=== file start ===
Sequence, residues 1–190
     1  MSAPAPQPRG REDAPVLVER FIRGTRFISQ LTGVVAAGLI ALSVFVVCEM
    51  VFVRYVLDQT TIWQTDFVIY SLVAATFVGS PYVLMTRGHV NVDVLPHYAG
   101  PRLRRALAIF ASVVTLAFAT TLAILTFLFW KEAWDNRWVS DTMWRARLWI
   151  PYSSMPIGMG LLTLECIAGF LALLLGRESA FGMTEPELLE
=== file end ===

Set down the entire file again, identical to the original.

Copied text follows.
Sequence, residues 1–190
     1  MSAPAPQPRG REDAPVLVER FIRGTRFISQ LTGVVAAGLI ALSVFVVCEM
    51  VFVRYVLDQT TIWQTDFVIY SLVAATFVGS PYVLMTRGHV NVDVLPHYAG
   101  PRLRRALAIF ASVVTLAFAT TLAILTFLFW KEAWDNRWVS DTMWRARLWI
   151  PYSSMPIGMG LLTLECIAGF LALLLGRESA FGMTEPELLE